My one major problem with this film is that I feel it is totally un-relatable to high school kids in this day and age.  With teen pregnancy rates at an all-time high, it’s very hard to believe that this one girl is the only person having sex while in high school; especially a high school in the state of California.  Maybe if this film would have been filmed in the 1980’s (or at least set in the 1980’s) it would have done well, but because it’s set in present time the story doesn’t really make that much sense.  
   The whole time I spent watching this film it kept coming off like it was trying to be a John Hughes film, but it wasn’t. There are clear references to Hughes films in this movie, but they’re not clever and they’re not subtle, they are just blatantly acknowledging that they are making a John Hughes reference.  I think that “Easy A” should have tried to be its own original film instead of trying to be a John Hughes film.        
   Another confusing point I’d like to address is why are these boys giving Olive hundreds of dollars—I kid you not—to say that they had sex with her?  You could get a pretty nice escort with that kind of money and you’ll actually get laid you fucking morons!  Also, I like how the “conservative-girls” in this film dress the sluttiest.  Finally, the people who play Olive’s parents in this film are just idiotic.  They are without a doubt the worst movie parents I have ever seen; they are just so over the top and unrealistic that there is just nothing funny or credible about their performances.                         
   “Easy A” was bland, unoriginal, unfunny, and totally unrealistic.  I’ve met a lot of people who actually like this film (pretty much all of them being female), but I just didn’t like anything about it. I give the film “Easy A” an F for lack of originality and poor effort.             

Wednesday, June 8, 2011

The Top 10 Movies that make me want to Punch somebody!

Confessions of a Film Junkie: Top Ten Films that make me want to punch somebody!
By: Brian Cotnoir
     This was another difficult list to compile, and not because there are so many movies that I hate, but rather because there are very few movies that I actually hate with a burning passion.  I know in some of my past reviews I’ve torn apart some films, but it wasn’t because I hated most of them, it’s because I didn’t find them very entertaining.  I usually enjoy bad movies;  “Great Balls of Fire”, “Troll 2”, and “Plan 9 From Outer Space” are just a few of the worst movies ever made that I really enjoy because they’re so poorly made and they make me laugh hysterically each time I watch them.  This list however, focuses on the Top Ten Films that send my blood into a boiling rage, the films that make me shout out and anger, and most importantly these are the films that make me want to punch somebody really, really badly.  So take a deep breath and “enjoy” the Top Ten Films that make me want to punch somebody.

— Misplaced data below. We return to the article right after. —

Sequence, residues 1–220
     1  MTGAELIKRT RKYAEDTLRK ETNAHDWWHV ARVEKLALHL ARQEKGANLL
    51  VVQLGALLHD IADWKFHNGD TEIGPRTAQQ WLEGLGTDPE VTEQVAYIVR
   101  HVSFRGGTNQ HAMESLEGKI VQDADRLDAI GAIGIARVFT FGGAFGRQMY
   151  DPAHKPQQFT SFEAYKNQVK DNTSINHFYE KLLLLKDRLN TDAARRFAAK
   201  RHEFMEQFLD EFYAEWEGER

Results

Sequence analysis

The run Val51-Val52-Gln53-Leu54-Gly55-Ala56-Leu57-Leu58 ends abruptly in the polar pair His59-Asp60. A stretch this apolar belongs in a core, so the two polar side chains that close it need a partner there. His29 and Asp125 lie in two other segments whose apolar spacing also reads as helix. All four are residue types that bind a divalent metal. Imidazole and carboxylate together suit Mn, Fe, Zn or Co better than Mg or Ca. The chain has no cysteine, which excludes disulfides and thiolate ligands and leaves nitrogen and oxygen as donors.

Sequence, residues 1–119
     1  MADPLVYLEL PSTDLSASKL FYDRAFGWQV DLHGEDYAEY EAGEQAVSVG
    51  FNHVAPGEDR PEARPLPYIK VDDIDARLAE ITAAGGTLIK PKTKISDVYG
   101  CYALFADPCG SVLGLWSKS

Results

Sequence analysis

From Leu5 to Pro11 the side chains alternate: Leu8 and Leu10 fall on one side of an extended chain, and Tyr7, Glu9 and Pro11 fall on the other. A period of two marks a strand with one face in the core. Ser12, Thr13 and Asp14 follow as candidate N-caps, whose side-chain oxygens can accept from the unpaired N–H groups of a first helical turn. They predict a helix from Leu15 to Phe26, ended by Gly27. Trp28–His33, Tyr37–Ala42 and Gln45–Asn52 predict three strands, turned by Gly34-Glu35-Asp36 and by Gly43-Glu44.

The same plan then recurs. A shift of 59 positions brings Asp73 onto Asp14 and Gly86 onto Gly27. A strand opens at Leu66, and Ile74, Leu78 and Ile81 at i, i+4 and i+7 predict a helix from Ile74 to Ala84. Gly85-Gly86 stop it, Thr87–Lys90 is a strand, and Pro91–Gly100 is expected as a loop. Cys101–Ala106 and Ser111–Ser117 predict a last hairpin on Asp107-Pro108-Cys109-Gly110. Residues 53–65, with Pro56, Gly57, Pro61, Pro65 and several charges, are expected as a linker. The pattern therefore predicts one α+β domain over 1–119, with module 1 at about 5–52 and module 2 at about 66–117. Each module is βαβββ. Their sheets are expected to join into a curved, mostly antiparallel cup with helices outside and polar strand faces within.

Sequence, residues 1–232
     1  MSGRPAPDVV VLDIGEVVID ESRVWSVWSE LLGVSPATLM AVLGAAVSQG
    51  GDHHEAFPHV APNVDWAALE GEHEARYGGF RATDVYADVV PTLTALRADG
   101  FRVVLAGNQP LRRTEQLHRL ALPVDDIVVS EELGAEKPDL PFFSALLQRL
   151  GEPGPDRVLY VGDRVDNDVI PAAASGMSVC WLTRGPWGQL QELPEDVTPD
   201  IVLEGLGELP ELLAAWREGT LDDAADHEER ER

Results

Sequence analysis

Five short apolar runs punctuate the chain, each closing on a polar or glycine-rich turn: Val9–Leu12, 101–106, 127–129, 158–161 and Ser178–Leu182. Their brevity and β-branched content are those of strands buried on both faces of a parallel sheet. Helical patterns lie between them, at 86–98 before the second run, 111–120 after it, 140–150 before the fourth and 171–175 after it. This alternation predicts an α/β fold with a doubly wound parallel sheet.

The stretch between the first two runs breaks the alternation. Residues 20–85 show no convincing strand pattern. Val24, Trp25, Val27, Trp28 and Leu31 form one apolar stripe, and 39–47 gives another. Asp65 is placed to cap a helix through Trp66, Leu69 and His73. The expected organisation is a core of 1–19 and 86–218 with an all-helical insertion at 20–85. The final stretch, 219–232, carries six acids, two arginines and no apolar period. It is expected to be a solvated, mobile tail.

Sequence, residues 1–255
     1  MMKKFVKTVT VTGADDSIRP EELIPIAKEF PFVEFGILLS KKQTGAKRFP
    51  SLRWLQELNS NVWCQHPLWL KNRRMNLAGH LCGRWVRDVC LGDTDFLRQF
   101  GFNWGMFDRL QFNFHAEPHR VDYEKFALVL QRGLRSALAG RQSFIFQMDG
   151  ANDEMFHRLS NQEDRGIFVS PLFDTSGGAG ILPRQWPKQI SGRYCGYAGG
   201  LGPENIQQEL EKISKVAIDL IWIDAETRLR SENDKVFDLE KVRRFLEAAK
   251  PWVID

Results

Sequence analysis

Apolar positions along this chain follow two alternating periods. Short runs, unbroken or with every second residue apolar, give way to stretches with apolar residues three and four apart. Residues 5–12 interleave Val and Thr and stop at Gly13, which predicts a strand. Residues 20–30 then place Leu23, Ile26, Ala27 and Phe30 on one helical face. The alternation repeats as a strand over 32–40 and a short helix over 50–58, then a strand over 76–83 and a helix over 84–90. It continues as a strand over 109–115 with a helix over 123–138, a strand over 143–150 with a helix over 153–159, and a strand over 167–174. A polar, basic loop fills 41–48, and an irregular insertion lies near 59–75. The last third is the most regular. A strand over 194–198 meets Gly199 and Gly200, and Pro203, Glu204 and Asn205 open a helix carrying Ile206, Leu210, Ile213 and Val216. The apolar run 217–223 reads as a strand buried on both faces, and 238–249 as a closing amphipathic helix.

#10- Selena
     Back when I was between the ages of 8-10 my mother used to drop me and my older sister off at Day Care Center during the summer and every day we got to watch only one movie and since most of the kids at this particular Day Care Center we’re young Hispanic girls, I have been forced to watch this movie more times in my life than I have ever cared to see.  I’m probably just being shallow and hate this movie for my own personal reasons rather than explaining why it’s a bad film, but you know what every time I think about this movie it makes me angry.  It used to drive me insane when all the girls would start crying at the end of this movie when Selena died because I would just sit there and say to myself “So what; she died!  She dies every time in this movie, it’s never going to change, she always will die at the end of this movie”.  What else can I say but I hate Selena, I hate her music, and I especially hate this movie that was made about her.

#9- Cannibal Holocaust
     I bought a copy of this film because I heard that it was one of the most “controversial” films ever made, and I will admit that I liked the films story and a lot of the special effects, but there were just so many unpleasant images I saw in this film that I actually thought I wasn’t going to be able to finish this film.  I did manage to make it through the entire film in just one sitting, but for a while I was convinced that the film was actually going to make me vomit—it was that disgusting at points—and the fact that the director had the cast kill live animals in the film made me shout out in fear and question the logics and ethics of so many things.  I’ve only seen this movie once (by myself) and I have no intention of EVER watching this film again.
#8- 28 Days Later